Macquarie University
01whole.pdf (26.62 MB)

Intra-oral myofascial therapy, education and self-care for chronic myogenous temporomandibular disorder

Download (26.62 MB)
posted on 2022-03-28, 13:55 authored by Allan Kalamir
Temporomandibular disorder (TMD) is widely recognised as a commonly occurring, complex clinical entity that can pose substantial challenges to health care practitioners. Its multifactorial nature has led to a proliferation of novel and diverse treatment approaches. The evolving biopsychosocial paradigm has emphasised the desirability of minimal treatment invasiveness as well as patient-centred care for chronic conditions, and appears to support a multi-modal, multi-disciplinary therapeutic approach. Intra-oral myofascial therapy (IMT) of the orofacial structures has a long established use among several disciplines- including dentistry, chiropractic, physiotherapy and massage therapy; however studies investigating its efficacy are lacking. The same can be said for education and self-care (ESC) strategies. It was considered that both IMT and ESC fulfil contemporary criteria of minimal invasiveness and patient centred care; so conducting a randomised controlled trial investigating their utility in TMD would contribute to the extant literature on conservative care for TMD. As myogenous forms of TMD are reported to be the most common subtype, and as IMT is in principle a myofascial intervention; selecting trial subjects diagnosed with myogenous TMD was considered to be a reasonable choice of clinical entity upon which to initiate this novel research project. A randomised, controlled pilot study was conceived that would be comprised of three trial arms: an IMT group; a combined IMT plus ESC group (IMTESC); and a wait-list (no-treatment) control group. This was to comprise Phase A of this thesis, which was itself made up of three elements: an interim study examining the finding of the first 30 enrolled participants; the final trial analysis; and a follow-up of the wait-list control group, their having received treatment at the conclusion of the study. Several outcomes emerged from Phase A. IMT appeared to be similar to IMTESC in decreasing jaw pain up until 6 months post treatment. At 1 year, however, IMTESC clearly appeared to be superior. This raised the possibility that the ESC component may not have positively contributed to the short and medium term outcomes of a combined treatment protocol. This led to the inception of a second randomised trial, designed to compare the short-term effectiveness of the ESC protocol as a stand-alone modality to the already established IMT protocol. This was to comprise Phase B of the thesis; the results of which demonstrated that while both ESC and IMT demonstrated statistically significant reductions in jaw pain, ESC did not achieve a clinically significant reduction.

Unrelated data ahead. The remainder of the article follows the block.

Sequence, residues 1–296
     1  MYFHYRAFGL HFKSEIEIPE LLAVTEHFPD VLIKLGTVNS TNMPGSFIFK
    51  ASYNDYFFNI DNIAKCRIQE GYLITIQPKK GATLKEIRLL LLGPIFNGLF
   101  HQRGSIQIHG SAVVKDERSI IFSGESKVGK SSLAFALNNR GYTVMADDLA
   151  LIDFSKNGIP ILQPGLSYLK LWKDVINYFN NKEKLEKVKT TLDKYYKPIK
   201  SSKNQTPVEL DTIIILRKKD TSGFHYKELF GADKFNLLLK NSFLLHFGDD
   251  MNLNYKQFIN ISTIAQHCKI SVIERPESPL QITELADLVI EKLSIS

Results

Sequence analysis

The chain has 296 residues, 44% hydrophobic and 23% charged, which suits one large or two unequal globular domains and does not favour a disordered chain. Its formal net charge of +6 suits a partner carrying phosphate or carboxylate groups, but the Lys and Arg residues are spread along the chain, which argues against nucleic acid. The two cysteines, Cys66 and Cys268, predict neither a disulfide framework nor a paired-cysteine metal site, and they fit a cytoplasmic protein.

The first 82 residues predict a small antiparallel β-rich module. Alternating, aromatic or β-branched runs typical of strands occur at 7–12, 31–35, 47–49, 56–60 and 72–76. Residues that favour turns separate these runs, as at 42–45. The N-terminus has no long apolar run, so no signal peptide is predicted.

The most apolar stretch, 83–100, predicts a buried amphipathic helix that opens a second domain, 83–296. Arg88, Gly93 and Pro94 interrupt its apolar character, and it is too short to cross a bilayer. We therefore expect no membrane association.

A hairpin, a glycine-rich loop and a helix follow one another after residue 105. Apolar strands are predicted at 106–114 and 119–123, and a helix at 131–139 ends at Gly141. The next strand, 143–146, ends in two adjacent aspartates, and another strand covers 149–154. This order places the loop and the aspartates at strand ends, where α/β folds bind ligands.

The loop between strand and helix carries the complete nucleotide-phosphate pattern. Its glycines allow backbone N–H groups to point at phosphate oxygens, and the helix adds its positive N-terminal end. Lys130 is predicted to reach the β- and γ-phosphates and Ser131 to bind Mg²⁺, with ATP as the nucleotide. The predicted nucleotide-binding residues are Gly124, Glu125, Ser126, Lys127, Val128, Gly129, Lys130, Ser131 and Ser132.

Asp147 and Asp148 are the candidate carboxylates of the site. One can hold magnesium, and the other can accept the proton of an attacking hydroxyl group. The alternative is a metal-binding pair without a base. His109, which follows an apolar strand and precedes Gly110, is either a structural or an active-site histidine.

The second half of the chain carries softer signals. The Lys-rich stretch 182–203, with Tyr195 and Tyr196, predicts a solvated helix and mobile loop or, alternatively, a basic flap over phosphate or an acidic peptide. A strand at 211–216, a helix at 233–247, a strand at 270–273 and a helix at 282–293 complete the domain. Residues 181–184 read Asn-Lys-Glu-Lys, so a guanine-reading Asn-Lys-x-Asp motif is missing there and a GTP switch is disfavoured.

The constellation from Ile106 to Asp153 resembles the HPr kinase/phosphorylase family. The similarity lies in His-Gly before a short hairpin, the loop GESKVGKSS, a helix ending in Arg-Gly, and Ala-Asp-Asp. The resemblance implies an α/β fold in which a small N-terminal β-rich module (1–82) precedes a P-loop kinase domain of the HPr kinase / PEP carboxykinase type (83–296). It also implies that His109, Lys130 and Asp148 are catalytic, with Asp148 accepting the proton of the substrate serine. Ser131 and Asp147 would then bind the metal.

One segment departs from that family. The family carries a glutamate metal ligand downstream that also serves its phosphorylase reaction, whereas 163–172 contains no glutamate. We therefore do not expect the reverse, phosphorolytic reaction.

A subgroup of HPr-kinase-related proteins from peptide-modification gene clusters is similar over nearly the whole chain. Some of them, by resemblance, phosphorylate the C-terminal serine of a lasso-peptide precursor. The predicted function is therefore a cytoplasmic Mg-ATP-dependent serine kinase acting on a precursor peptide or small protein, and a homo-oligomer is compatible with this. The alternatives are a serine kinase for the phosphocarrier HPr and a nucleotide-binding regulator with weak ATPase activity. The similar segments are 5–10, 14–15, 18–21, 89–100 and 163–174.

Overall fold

Table of Contents

1. Introduction -- 2. Review of the literature -- 3. Aims and methods -- 4. Pilot study - interim analysis -- 5. Pilot study - final analysis -- 6. Pilot study - control group follow-up report -- 7. Intra-oral myofascial therapy versus education and self-care in the treatment of chronic, myogenous temperomandibular disorder -- 8. Synthesis and conclusion -- References -- Appendices.


A thesis submitted in fulfilment of the degree of Doctor of Philosophy in the Department of Chiropractic, Faculty of Science, Macquarie University, July, 2012 Includes bibliographical references

Awarding Institution

Macquarie University

Degree Type

Thesis PhD


PhD, Macquarie University, Faculty of Science, Department of Chiropractic

Department, Centre or School

Department of Chiropractic

Year of Award


Principal Supervisor

Henry Pollard

Additional Supervisor 1

Andrew Vitiello

Additional Supervisor 2

Rodney Bonello


Copyright disclaimer: Copyright Allan Kalamir 2012.




1 online resource (xxxiii, 440 pages) illustrations (some coloured)

Former Identifiers

mq:37406 2066292